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Pierre Fauchard and His Contributions to Modern Dentistry

French physician Pierre Fauchard is credited as the “father of modern dentistry.” During his lifetime, he made major discoveries and wrote a detailed book that scientifically described the dental profession. Though he lived when the formal practice of dentistry was just beginning, his contributions are considered significant. Were it not for Dr. Fauchard, dental care would not be so advanced.

Fauchard Develops Interest in Dentistry

Fauchard was born in northern France in 1678 and entered the French Royal Navy at age 15. This exposed him to various types of mouth diseases, including those resulting from scurvy. While in the Navy, he met surgeon major Alexander Poteleret, who devoted much time to studying tooth and mouth diseases. Major Poteleret encouraged a young Fauchard to read and investigate what healing arts professionals had discovered, with the intention of disseminating this knowledge to the sailors.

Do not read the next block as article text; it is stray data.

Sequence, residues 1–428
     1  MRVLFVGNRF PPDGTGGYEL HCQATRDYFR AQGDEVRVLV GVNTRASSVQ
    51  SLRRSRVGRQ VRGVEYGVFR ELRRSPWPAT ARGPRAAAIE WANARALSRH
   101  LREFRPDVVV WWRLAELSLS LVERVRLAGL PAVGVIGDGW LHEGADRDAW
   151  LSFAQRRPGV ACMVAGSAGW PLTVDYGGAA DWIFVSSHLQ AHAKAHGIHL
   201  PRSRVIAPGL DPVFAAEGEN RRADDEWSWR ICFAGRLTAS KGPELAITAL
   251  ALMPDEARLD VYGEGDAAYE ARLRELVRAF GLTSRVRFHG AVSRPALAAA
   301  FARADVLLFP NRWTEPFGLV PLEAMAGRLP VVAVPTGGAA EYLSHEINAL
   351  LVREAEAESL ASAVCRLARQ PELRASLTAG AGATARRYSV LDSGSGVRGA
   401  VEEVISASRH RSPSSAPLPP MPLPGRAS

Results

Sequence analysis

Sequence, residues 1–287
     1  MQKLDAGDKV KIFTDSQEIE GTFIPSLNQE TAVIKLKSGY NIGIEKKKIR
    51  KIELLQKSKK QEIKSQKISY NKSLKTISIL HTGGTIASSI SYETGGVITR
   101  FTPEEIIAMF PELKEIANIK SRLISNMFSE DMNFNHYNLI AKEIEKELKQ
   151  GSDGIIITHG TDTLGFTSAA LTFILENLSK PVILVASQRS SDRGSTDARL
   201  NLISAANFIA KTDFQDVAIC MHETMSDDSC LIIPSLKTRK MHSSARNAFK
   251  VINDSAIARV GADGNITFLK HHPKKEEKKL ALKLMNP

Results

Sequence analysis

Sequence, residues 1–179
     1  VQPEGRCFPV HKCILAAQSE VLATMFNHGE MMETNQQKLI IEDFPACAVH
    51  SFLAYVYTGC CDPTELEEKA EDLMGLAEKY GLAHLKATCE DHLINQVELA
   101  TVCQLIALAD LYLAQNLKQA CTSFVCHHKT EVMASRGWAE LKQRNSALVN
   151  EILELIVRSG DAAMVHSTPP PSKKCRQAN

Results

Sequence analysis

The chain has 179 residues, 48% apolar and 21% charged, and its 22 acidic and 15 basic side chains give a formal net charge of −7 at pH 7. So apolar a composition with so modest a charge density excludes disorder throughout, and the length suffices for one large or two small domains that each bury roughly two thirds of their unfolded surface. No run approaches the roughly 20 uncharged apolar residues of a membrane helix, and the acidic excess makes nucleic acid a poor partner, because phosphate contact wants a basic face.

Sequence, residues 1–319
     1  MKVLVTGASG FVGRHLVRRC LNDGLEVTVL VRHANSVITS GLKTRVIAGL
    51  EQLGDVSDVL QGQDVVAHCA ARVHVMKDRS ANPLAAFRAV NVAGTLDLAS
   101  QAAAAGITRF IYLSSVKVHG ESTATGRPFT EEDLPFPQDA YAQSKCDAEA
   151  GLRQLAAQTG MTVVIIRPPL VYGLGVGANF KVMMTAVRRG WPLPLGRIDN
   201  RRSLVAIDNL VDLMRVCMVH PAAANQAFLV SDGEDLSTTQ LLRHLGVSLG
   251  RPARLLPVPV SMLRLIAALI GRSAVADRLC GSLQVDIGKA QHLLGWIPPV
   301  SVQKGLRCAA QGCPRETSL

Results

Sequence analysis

As a protégé of Poteleret, Fauchard eventually became a combat medic. After leaving the Navy, he practiced medicine at University of Angers Hospital in France. This is where he conducted much of the work he is known for, including oral and maxillofacial surgery. He referred to himself as a surgical dentist, a rare designation because most 17th century dentists focused on extraction, not treatment,of decayed teeth.

Notable Accomplishments

Colleagues considered Fauchard a skilled surgeon and the doctor adapted tools from jewelers, watchmakers, and barbers for use in dentistry. Dr. Fauchard is credited with using dental fillings to treat cavities after discovering that acids derived from sugar caused tooth decay. The doctor also pioneered the dental prosthetic, discovering several ways to replace a lost tooth. His recommendations included carved bone or ivory secured in place by thread or wire pivots attached to remaining teeth.

Dr. Fauchard also introduced the concept of dental braces to correct tooth positioning. Made from gold, the braces were fastened to teeth with silk or linen threads. The doctor traveled throughout France from 1716 to 1718, sharing his findings with fellow surgeons. In 1718, he moved to Paris and began writing what became The Surgical Dentist, a textbook considered the foundation of modern dentistry.

In his book, Dr. Fauchard presented many ideas new to dentistry and included images of various oral surgery instruments including the dental drill. Dr. Fauchard cautioned others against dental charlatans and influenced many young medical practitioners of the time. Approximately 150 years after his book was published, a gathering of dental professionals credited him with creating a “new era” in the dental profession.